Obituary Daily Times Contributors' Handbook

ObitFiler 1.06 (Old Version)

(Windows only, Version 3.1 or higher)

Print a copy of this handbook as a reference guide while you are indexing.

This program handles only a single newspapers and publication frequency. A separate copy is required to process each additional newspaper.

ObitFiler Dropdown Menus:

File:
  1. Open... Allows you to select from the "Old" folder a previous day's obits to open for review or editing.
  2. Reconfigure...
  3. Exit: Exit ObitFiler program.
Help:
  1. Contents: Lets the user look up information about the program. Categories include, Limitations, Entering Data, Mailer, File Structure, and Miscellany.
  2. Abbreviation: Brings up the list of the approved abbreviations for use in ObitFiler.
  3. About: Indicates the copyright information and version of the ObitFiler that you are using.

Button Functions:

  1. Add: When you have finished entering all the information for a person click Add. This will add the persons index to Today's Obits.
  2. Edit: To edit an entry highlight it in the Today's Obits, then click Edit, this will return all the information to the input section so it may be edited.
  3. Delete: To delete highlight the Obit, and click Delete.
  4. Clear: If the information in the input section is incorrect you can click on Clear, which clears the input fields.
  5. Previous Day: Moves back one day at a time.
  6. Next Day: Moves forward one day at a time.
  7. Done: Saves all work and exits the ObitFiler.
  8. Add Auto-City: Click to put a check mark in this box, if you want to add the City of Death to your auto-cities list.
Remember: Make sure the date is correct before you start entering obits.

Key and Mouse Functions:

Capitalization and Lower Case Letters: When using this computer programs, it is not necessary to use the Shift, or Caps Lock key to get the correct capitalization in any field as the program will do that for you. To override this behaviour and obtain a lower case letter in a field which normally requires all capital letters (such as "McNEIL" in last, maiden, or other last names) press and hold the Ctrl key while typing the letter you want in lower case.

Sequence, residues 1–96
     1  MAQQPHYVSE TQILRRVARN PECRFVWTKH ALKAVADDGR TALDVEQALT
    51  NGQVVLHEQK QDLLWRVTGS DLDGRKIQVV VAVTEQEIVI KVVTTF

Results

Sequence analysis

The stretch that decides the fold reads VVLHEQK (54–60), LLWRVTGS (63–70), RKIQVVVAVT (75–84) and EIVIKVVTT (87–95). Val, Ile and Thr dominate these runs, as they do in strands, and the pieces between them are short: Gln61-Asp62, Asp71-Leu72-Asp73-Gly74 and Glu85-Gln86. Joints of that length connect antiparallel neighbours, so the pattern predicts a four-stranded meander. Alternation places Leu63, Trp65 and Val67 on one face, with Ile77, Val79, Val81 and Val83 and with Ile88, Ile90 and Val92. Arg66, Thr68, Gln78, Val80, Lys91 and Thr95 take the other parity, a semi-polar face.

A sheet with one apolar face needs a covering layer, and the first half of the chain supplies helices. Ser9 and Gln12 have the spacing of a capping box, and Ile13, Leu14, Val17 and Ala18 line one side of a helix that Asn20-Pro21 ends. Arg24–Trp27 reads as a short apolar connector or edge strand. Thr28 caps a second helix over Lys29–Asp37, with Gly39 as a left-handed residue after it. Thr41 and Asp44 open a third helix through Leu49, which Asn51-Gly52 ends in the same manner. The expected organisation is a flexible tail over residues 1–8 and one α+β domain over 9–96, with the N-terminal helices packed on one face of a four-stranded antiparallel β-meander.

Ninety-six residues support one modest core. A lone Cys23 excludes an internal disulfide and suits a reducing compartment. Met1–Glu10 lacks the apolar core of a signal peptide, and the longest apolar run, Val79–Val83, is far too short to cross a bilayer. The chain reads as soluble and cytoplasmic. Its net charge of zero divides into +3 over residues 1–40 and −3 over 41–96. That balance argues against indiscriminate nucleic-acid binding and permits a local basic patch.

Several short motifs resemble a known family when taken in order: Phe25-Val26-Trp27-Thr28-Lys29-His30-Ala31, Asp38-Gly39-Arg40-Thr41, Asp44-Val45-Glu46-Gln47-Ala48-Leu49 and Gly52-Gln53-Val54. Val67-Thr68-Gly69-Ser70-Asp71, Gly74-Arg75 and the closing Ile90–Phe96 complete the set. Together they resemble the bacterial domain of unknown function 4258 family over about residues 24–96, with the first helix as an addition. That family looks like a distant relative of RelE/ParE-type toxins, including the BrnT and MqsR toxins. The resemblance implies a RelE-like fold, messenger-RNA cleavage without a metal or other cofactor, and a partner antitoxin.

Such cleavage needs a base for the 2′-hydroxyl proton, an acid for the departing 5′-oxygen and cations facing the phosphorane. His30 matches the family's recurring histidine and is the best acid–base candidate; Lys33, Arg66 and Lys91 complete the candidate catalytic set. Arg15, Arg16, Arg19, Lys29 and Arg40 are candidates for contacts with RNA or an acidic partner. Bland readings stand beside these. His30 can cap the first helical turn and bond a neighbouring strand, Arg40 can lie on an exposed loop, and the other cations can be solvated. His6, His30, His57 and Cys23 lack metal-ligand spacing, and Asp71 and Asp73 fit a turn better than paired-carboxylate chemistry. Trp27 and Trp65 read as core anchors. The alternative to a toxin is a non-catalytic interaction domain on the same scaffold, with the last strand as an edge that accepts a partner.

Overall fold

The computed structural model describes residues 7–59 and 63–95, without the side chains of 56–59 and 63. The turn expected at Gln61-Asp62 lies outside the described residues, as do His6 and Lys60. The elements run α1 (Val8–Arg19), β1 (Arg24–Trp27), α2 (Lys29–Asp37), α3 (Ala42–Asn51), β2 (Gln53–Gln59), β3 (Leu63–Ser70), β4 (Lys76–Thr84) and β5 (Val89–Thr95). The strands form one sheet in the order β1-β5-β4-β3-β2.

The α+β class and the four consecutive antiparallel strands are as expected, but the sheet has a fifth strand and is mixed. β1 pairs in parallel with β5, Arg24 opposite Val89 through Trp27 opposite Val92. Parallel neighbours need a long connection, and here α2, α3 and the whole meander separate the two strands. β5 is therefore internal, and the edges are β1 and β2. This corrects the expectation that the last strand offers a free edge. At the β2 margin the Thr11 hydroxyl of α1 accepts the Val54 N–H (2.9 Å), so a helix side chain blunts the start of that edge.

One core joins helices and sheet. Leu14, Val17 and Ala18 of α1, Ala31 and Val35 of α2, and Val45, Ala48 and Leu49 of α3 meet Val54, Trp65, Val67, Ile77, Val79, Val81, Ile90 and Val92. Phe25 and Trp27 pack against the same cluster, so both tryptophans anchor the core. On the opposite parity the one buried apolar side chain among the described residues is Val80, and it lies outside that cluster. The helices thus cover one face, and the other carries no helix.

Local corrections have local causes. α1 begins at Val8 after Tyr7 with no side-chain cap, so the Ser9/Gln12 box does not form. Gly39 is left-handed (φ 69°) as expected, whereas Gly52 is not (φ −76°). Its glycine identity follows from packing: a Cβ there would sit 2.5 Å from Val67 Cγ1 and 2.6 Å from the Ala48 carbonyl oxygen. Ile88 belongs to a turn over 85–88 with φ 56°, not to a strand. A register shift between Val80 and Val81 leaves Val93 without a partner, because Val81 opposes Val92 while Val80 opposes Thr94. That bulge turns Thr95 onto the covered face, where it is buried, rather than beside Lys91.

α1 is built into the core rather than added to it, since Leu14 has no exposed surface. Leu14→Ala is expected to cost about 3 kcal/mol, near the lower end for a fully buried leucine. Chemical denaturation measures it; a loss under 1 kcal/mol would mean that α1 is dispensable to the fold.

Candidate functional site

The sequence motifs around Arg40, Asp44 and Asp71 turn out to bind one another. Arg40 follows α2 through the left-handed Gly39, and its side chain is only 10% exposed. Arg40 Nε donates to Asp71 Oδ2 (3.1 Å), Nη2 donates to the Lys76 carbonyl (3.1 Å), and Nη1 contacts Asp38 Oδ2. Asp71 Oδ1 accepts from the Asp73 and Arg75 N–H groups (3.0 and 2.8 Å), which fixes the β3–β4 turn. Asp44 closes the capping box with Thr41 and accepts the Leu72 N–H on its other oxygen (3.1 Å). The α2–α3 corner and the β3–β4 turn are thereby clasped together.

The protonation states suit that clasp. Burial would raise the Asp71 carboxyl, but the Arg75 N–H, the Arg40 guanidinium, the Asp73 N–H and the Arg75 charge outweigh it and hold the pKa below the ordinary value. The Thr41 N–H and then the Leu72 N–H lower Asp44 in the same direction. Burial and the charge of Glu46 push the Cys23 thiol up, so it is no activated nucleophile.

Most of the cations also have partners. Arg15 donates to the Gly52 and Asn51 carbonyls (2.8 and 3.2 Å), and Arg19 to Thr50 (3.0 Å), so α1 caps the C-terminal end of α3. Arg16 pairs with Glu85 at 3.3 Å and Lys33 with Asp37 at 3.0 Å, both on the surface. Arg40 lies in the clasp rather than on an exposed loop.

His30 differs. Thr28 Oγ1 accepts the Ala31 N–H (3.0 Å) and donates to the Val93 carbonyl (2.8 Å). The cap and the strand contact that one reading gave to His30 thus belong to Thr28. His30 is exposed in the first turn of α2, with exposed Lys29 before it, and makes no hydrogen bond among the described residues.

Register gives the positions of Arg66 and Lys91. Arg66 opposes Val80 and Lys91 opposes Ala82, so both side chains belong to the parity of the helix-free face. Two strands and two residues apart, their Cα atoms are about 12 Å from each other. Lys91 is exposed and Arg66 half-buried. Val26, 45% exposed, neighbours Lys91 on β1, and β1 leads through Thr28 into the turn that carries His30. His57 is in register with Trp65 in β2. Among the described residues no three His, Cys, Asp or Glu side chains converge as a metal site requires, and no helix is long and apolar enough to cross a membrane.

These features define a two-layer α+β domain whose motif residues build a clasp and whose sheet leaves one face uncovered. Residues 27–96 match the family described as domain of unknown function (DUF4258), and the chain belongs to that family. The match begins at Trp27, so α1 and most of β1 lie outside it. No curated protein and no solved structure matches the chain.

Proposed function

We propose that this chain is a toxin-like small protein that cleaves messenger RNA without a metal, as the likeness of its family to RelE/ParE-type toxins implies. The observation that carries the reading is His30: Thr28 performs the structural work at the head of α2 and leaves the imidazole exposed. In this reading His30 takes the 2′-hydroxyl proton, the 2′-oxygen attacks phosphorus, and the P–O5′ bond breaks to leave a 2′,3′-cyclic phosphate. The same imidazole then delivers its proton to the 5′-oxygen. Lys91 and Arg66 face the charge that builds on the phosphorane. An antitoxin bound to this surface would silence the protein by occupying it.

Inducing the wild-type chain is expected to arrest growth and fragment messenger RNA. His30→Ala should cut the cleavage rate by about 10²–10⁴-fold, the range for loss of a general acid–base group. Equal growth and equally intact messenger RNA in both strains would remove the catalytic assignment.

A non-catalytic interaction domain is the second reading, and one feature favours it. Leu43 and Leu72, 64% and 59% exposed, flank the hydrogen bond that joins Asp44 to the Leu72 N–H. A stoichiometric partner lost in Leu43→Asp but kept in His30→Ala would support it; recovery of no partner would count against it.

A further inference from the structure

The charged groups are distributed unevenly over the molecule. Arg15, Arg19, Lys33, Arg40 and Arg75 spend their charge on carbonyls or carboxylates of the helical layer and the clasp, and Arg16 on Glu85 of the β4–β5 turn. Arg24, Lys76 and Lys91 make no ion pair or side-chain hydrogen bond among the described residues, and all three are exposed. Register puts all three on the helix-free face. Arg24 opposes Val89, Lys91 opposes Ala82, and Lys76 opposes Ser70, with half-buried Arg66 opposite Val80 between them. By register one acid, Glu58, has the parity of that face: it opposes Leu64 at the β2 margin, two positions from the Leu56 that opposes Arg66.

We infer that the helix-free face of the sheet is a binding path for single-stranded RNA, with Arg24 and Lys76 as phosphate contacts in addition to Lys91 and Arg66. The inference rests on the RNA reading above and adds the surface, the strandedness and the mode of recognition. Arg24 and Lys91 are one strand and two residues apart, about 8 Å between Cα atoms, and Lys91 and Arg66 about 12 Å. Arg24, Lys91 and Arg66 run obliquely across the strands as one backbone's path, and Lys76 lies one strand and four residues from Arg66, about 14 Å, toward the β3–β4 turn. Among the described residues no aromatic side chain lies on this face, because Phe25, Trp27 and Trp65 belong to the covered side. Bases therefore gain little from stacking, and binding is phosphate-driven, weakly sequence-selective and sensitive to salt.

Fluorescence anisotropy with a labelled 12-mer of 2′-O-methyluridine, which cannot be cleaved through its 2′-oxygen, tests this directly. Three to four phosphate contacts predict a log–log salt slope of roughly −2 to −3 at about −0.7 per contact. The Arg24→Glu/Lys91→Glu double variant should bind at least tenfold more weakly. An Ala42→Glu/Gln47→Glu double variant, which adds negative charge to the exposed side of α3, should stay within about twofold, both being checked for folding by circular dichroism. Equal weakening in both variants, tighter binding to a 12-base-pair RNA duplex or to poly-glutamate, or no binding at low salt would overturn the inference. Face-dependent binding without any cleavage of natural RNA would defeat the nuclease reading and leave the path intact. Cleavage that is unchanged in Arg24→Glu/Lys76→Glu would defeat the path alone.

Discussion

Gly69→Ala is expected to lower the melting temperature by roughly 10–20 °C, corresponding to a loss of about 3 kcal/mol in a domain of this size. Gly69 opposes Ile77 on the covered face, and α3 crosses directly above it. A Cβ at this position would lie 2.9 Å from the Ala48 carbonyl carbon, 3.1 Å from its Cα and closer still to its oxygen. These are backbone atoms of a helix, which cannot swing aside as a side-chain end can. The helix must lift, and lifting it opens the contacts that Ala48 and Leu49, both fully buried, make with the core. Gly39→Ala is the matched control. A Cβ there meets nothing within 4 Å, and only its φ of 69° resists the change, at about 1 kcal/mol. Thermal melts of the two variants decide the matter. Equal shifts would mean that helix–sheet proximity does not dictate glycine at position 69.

Moving between fields: Use the Tab key to move forward from one field to the next. You may either hold down the Shift key and type Tab or use the mouse to move back to the previous field.

Coping an obit: To copy all the information from an obit in the Pevious Obits window to the current obit, just double-click on it.

General Formatting Rules:

There are 6 fields for every obituary you index, separated by semicolons - no more and no less. In every record there should be exactly one comma and five semicolons:

Surname, Firstname; Age; Place of Birth>Death; Pub Name; Pub Date; Tagname

The format and puctuation of these fields is set up for you automatically by ObitFiler, but we will look at each of these fields to give you a better understanding of what makes up each of them. Some fields contain several elements.

Field 1: Name

A. Last name: The person's last name is always entered in capital letters. ObitFiler will do this for you. As usual, every rule has an exception and the exception here is MC, MAC, VAN and ST names. These should be listed as Mc, Mac, Van and St (and then capital letters for the remainder of the last name). You will have to hold down the Ctrl key and type the lower case letter or letters in ObitFiler to accomplish this. Most last names will be one name and not have a space between the first part and the rest of the name. There are other exceptions, such as Native American names. Also see Double Surnames below.

Example:        Correct       Incorrect         Correct     Incorrect
                McDONALD      MCDONALD          DeMEO       DEMEO
                McDONALD      Mc DONALD         LaSALLE     LASALLE
                McDONALD      McDonald

Accents should never be used in the indexes. Names like "Côté" should be entered as COTE.